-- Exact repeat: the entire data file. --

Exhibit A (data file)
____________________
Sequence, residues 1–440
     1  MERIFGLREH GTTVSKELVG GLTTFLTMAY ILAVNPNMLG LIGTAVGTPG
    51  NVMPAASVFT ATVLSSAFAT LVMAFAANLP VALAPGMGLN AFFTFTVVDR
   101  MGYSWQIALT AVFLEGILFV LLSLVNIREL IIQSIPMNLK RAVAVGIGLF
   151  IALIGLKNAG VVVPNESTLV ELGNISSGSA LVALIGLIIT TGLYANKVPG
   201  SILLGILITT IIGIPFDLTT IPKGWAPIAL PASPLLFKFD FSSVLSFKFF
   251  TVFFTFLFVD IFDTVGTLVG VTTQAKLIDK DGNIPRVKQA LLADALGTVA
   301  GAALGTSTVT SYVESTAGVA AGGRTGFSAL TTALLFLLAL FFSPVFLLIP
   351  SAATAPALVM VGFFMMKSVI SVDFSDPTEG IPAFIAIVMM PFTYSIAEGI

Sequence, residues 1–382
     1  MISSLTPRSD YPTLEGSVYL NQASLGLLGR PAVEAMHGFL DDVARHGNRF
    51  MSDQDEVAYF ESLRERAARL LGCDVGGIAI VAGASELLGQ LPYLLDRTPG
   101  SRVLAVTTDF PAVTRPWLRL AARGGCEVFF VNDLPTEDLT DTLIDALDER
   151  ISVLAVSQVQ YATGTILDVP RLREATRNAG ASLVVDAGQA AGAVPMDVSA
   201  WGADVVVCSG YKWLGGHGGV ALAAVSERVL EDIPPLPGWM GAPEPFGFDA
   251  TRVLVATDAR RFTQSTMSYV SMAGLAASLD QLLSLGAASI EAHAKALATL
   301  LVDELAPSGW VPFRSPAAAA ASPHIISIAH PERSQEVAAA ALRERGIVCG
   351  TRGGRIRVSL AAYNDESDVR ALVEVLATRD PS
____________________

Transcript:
Sequence, residues 1–440
     1  MERIFGLREH GTTVSKELVG GLTTFLTMAY ILAVNPNMLG LIGTAVGTPG
    51  NVMPAASVFT ATVLSSAFAT LVMAFAANLP VALAPGMGLN AFFTFTVVDR
   101  MGYSWQIALT AVFLEGILFV LLSLVNIREL IIQSIPMNLK RAVAVGIGLF
   151  IALIGLKNAG VVVPNESTLV ELGNISSGSA LVALIGLIIT TGLYANKVPG
   201  SILLGILITT IIGIPFDLTT IPKGWAPIAL PASPLLFKFD FSSVLSFKFF
   251  TVFFTFLFVD IFDTVGTLVG VTTQAKLIDK DGNIPRVKQA LLADALGTVA
   301  GAALGTSTVT SYVESTAGVA AGGRTGFSAL TTALLFLLAL FFSPVFLLIP
   351  SAATAPALVM VGFFMMKSVI SVDFSDPTEG IPAFIAIVMM PFTYSIAEGI

Sequence, residues 1–382
     1  MISSLTPRSD YPTLEGSVYL NQASLGLLGR PAVEAMHGFL DDVARHGNRF
    51  MSDQDEVAYF ESLRERAARL LGCDVGGIAI VAGASELLGQ LPYLLDRTPG
   101  SRVLAVTTDF PAVTRPWLRL AARGGCEVFF VNDLPTEDLT DTLIDALDER
   151  ISVLAVSQVQ YATGTILDVP RLREATRNAG ASLVVDAGQA AGAVPMDVSA
   201  WGADVVVCSG YKWLGGHGGV ALAAVSERVL EDIPPLPGWM GAPEPFGFDA
   251  TRVLVATDAR RFTQSTMSYV SMAGLAASLD QLLSLGAASI EAHAKALATL
   301  LVDELAPSGW VPFRSPAAAA ASPHIISIAH PERSQEVAAA ALRERGIVCG
   351  TRGGRIRVSL AAYNDESDVR ALVEVLATRD PS